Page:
Microsoft buys GitHub

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By far the dominant story from this week in the software development world involves Microsoft’s buyout of the source control giants, GitHub. In fact, we just talked about GitHub’s positive impact on the application engineering process in May’s news digest. Of course, this news spawned a lot of discussion and controversy within the developer community.

Let’s take a closer look at Microsoft’s purchase of GitHub with an eye on the reasons behind the acquisition as well as what it means for your app engineering shop. Is a new era in software development now upon us? Will it change how your team manages its source code?

The Details behind the Microsoft/GitHub Purchase

Microsoft buying GitHub isn’t just another example of Redmond crushing a competitor. Burning venture capital at a high rate over the past few years made GitHub a ripe target for acquisition. The giants in the industry, namely Amazon, Google, and Microsoft, all considered a purchase of the code-sharing organization.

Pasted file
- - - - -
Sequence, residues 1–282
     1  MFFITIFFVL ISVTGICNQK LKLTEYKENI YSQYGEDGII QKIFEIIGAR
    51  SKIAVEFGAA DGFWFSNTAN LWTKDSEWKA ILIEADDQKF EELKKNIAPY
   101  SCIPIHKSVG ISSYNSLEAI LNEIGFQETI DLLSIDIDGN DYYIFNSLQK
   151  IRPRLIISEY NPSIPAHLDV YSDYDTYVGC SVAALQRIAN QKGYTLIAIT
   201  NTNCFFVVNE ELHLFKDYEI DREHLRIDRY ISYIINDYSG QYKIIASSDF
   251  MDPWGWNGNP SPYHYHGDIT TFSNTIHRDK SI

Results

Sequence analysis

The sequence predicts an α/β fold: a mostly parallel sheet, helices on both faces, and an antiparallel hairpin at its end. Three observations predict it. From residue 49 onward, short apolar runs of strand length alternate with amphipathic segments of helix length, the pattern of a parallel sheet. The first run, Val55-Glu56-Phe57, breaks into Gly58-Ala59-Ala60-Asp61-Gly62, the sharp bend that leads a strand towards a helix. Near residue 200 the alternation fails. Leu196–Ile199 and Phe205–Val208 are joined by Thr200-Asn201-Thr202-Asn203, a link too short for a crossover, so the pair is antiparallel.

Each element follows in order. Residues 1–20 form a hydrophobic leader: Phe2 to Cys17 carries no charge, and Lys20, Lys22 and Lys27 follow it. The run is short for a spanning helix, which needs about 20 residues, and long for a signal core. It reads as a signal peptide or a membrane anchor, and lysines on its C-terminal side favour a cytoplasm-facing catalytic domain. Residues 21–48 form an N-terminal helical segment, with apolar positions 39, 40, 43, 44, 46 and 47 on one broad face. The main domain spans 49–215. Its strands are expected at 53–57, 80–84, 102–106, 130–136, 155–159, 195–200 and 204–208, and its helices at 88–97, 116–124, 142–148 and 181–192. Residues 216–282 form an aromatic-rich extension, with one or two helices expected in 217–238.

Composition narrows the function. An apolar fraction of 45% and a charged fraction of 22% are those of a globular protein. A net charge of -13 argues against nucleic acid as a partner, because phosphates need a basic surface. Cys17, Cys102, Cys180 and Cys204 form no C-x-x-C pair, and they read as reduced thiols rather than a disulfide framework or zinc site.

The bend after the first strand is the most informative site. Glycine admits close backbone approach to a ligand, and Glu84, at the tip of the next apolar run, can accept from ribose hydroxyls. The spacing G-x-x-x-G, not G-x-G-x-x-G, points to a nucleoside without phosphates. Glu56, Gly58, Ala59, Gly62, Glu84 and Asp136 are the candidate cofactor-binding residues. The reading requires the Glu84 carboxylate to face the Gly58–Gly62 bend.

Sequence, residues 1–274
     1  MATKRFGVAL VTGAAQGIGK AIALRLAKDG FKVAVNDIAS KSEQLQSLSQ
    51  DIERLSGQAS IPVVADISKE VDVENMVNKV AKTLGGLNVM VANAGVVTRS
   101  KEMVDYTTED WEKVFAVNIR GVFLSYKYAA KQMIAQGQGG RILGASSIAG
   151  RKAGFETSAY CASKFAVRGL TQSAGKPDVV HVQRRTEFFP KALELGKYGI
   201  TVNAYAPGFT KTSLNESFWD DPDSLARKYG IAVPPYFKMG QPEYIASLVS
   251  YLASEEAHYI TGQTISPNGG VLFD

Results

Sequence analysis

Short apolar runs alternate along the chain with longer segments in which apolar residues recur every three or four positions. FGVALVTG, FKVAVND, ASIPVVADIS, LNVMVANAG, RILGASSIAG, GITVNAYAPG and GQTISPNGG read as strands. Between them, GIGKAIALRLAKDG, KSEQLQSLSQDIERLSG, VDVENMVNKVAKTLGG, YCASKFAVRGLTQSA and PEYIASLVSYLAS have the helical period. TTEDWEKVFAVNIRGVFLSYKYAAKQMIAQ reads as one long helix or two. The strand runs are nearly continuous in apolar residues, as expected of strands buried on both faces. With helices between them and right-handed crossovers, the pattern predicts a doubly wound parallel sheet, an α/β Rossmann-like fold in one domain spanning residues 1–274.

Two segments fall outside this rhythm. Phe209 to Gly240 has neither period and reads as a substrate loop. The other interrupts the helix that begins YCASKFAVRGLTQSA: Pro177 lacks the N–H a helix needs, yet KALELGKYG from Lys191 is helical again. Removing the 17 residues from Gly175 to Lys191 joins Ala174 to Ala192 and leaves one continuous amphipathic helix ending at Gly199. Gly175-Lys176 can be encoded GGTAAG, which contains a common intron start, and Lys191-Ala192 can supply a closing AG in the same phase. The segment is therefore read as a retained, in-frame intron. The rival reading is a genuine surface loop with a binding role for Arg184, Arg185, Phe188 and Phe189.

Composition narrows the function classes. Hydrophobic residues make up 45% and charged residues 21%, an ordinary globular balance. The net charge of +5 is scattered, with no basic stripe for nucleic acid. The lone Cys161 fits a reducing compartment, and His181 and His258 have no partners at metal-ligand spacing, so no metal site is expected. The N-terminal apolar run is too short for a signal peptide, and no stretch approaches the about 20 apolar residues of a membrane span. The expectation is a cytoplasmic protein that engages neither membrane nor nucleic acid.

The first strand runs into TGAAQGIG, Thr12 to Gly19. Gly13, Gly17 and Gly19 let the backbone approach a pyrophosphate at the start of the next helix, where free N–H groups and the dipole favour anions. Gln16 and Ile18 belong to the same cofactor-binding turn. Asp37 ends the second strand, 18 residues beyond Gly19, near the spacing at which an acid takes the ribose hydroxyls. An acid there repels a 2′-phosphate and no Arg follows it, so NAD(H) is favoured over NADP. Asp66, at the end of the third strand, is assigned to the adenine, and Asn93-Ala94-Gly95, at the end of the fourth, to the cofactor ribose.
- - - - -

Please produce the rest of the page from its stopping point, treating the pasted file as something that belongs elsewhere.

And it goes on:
According to an article in CNBC, GitHub preferred Microsoft due to the relationship between their founder, Chris Wanstrath, and Redmond CEO, Satya Nadella. Paying $7.5 billion meant MS paid nearly 25 times GitHub’s revenue, to use a stock analyst metric. Microsoft gains the benefit of a popular Cloud-based service for its Azure offering; part of its strategy to compete with Amazon AWS in the industry.

GitHub also pairs nicely with LinkedIn in the Redmond portfolio. It gives Microsoft access to a large number of software engineering and general technology professionals. The expectation is for GitHub to continue to operate in a largely independent fashion with the exception of a migration to Azure.   

Is this the End of the Open Source GitHub?

As we discussed last week, GitHub provides a great example of the positive influence of open source on the software development world. Back in the Steve Ballmer era, Microsoft earned a reputation as an enemy of open source software. “Linux is a cancer that attaches itself in an intellectual property sense to everything it touches,” said the MS CEO back in 2001.